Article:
Spark arresters work by trapping large carbon particles, which reduces the risk of fire. They are used in some internal combustion engines.
Spark arresters trap carbon particles greater than 0.023 inches in diameter and send them into the exhaust system. Centrifugal force throws the carbon against the walls of the arrester, where it is then sent through a filter. The most common types of filters used are screens and discs. These screens and discs must be manually cleaned periodically by the vehicle owner. Most installed spark arresters come with some type of cleanout plug to make accessing and cleaning the unit fast and easy.
Even small, handheld equipment with internal combustion engines, such as trimmers, brush cutters and blowers, have spark arresters. Engines with turbochargers sometimes have spark arresters, but properly maintained turbocharged engines do not need one because they function at such a high rate of speed, they ultimately rid themselves of large carbon particles.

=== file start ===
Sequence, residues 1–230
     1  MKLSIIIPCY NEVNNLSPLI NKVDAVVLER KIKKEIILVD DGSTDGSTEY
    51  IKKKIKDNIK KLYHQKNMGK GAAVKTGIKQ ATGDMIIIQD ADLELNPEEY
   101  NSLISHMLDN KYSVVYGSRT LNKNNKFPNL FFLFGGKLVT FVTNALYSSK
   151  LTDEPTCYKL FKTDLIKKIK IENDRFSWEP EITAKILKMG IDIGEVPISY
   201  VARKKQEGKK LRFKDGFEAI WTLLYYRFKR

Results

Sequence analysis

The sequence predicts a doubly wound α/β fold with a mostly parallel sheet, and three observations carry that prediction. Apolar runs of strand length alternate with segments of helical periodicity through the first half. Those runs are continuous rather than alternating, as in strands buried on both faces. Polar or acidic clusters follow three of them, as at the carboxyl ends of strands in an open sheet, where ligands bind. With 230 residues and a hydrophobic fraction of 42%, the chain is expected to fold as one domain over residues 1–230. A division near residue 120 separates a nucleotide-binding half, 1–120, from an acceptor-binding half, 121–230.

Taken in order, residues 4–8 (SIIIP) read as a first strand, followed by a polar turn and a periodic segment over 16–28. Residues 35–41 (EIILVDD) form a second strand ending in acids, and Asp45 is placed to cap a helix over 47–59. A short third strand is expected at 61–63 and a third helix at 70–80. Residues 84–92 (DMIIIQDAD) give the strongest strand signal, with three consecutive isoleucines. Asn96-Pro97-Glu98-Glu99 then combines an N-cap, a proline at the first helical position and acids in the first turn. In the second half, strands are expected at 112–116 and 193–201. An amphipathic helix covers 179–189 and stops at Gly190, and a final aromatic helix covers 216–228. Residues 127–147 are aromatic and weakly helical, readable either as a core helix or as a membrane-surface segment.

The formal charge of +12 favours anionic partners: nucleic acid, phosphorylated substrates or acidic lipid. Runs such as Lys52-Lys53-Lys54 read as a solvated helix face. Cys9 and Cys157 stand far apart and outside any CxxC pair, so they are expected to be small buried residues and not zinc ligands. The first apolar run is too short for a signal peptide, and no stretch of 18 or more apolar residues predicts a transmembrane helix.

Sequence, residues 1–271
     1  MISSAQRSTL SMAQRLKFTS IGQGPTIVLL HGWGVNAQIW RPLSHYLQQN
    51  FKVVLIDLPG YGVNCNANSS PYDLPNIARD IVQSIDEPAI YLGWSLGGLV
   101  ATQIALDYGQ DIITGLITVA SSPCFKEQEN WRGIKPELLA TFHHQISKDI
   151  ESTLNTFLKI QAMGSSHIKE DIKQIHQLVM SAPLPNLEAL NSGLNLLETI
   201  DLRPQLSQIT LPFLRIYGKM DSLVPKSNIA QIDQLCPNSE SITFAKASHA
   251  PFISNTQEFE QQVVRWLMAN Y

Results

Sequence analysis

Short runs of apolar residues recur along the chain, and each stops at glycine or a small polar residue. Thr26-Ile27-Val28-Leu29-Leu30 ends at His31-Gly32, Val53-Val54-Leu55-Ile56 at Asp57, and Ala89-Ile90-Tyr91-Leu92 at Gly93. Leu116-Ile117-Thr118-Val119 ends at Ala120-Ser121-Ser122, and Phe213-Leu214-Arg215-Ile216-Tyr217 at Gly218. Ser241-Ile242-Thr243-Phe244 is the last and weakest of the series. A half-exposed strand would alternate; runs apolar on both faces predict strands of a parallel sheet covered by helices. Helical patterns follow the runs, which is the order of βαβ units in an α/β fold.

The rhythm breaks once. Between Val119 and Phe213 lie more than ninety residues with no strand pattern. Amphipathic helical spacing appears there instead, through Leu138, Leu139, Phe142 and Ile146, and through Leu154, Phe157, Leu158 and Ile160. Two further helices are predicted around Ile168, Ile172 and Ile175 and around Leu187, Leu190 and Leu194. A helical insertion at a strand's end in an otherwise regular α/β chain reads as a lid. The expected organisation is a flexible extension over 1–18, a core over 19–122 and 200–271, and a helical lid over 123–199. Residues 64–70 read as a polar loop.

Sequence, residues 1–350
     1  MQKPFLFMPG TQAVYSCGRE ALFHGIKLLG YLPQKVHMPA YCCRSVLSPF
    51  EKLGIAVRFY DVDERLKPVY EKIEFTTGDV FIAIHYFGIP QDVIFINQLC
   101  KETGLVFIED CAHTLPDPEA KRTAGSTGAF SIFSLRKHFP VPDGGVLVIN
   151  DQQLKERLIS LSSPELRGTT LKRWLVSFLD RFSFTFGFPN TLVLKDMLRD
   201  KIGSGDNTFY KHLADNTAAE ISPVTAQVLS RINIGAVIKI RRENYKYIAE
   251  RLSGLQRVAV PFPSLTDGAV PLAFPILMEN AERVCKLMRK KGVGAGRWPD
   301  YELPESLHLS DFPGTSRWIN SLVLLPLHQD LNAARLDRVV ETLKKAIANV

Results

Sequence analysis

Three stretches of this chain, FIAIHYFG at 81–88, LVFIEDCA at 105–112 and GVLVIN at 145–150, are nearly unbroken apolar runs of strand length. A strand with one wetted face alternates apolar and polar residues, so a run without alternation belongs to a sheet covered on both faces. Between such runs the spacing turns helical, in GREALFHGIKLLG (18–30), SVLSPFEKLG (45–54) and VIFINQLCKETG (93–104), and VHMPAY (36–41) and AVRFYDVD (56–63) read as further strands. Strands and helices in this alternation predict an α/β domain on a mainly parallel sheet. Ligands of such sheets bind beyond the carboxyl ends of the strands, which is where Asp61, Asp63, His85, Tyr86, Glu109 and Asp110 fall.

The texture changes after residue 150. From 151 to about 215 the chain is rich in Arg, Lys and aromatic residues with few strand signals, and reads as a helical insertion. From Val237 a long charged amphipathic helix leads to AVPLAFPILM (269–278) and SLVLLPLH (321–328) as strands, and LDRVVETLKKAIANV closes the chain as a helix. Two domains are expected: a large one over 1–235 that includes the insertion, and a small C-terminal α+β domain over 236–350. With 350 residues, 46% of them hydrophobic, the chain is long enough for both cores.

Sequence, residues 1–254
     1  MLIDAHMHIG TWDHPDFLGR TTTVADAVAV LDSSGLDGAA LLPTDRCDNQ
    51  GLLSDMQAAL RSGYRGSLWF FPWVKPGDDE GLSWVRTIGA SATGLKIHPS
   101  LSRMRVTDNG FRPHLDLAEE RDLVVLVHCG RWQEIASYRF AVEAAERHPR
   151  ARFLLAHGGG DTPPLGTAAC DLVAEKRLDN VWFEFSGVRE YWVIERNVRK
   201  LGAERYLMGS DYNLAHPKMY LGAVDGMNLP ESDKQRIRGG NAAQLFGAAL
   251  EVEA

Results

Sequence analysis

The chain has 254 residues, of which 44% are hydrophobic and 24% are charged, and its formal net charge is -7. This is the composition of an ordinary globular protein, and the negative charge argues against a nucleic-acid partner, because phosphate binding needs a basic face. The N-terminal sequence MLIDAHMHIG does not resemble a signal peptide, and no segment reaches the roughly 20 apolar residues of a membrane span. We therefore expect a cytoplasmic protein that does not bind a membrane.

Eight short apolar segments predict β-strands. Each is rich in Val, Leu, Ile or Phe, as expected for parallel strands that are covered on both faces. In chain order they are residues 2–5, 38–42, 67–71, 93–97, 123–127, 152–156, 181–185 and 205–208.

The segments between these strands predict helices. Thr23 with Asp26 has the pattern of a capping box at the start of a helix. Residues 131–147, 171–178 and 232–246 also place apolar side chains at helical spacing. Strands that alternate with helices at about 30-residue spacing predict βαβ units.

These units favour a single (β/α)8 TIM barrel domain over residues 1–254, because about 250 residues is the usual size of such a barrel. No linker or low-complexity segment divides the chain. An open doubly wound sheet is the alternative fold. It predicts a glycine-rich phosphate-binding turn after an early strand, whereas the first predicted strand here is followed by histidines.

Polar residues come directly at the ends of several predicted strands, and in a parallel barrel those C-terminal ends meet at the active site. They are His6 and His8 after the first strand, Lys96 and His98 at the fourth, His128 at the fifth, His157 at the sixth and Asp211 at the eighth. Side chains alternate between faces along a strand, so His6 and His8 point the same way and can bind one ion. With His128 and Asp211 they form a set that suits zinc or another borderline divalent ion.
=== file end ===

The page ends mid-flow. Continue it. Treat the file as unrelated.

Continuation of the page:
Catalytic converters and mufflers are not considered spark arresters. They are made strictly to reduce noise and emissions, not to capture carbon particles that may start a fire. However, several brands of spark arresters have a catalytic function built in, to help with emissions.